New Mandates, New Costs
By Anthony Stinton,
Cascade Policy Institute
What do acupuncturists, drug abuse treatment, and non-custodial children have in common? Oregonians cannot buy private health insurance that does not pay for or cover all three. They represent three of the state’s 33 health insurance mandates. Mandates are benefits, providers, and persons that must be included in all private health insurance policies. The list of mandates is expanding: The legislature added contraceptives, prosthetics and orthotics, and treatment for intoxicant-related injuries in the recently-concluded 2007 session (House Bills 2700, 2517, and 2348 respectively).
Requiring insurers to cover more conditions seems like an attractive way to ensure a healthier population; and for people with health insurance, it might be. But mandates have a downside. Covering more conditions costs more money; and for private insurance, that money comes from higher premiums. Last year, nearly 700,000 Oregonians said they lacked health insurance for at least part of the previous 12 months. Three quarters of them said cost was a factor. For 296,000 Oregonians, cost was the only factor keeping them from getting health insurance ( Oregon Population Survey). If legislators want to get serious about insuring more Oregonians, they should take steps to decrease, not increase, the cost of insurance. Halting or reversing the growth of mandates would be a key first step in that process.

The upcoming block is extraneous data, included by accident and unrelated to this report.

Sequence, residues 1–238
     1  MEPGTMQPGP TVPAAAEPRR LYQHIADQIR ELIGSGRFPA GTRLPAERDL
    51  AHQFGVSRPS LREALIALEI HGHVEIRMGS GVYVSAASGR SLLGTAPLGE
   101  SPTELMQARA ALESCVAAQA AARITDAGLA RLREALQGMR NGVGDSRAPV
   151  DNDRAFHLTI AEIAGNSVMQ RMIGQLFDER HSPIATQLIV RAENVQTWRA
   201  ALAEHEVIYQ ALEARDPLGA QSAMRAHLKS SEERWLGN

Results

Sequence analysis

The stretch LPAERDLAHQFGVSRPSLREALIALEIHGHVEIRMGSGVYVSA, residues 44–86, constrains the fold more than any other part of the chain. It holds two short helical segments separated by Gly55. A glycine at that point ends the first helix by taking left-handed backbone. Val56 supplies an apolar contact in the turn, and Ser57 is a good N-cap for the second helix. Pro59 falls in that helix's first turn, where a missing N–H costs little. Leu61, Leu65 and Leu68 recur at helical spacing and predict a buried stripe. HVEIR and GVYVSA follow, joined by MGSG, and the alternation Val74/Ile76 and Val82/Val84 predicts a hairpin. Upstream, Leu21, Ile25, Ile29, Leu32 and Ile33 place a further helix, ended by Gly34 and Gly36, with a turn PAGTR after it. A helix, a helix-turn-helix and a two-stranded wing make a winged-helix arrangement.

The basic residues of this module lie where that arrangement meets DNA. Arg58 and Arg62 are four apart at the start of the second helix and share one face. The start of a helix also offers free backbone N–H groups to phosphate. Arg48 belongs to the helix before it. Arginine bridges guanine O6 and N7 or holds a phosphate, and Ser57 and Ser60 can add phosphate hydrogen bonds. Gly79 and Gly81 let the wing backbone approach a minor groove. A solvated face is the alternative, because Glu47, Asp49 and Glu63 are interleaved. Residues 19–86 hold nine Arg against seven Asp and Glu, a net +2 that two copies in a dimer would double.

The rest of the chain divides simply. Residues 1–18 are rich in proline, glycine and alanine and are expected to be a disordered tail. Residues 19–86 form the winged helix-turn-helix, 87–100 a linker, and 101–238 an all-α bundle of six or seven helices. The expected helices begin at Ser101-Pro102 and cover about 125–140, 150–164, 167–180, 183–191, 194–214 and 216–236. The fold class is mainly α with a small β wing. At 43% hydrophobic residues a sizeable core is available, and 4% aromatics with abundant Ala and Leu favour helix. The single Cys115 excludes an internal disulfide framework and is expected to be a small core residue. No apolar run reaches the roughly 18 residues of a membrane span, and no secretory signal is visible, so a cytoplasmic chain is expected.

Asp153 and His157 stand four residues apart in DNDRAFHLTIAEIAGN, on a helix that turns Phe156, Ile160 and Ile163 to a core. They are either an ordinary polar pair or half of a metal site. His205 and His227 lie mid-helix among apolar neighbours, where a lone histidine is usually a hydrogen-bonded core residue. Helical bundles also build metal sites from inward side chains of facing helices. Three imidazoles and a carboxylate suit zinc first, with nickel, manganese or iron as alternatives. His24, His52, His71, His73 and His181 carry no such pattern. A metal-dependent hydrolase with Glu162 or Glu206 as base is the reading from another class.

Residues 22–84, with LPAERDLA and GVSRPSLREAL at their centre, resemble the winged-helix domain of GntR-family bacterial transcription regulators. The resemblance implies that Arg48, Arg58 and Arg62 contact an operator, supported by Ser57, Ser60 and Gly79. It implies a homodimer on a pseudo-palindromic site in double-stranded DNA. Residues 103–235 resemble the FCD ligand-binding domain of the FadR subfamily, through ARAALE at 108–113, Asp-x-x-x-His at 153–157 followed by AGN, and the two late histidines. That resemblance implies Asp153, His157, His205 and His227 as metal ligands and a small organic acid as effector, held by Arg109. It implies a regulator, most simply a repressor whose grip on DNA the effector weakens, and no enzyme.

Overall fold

Anthony Stinton is a research associate at Cascade Policy Institute, a Portland, Oregon based think tank.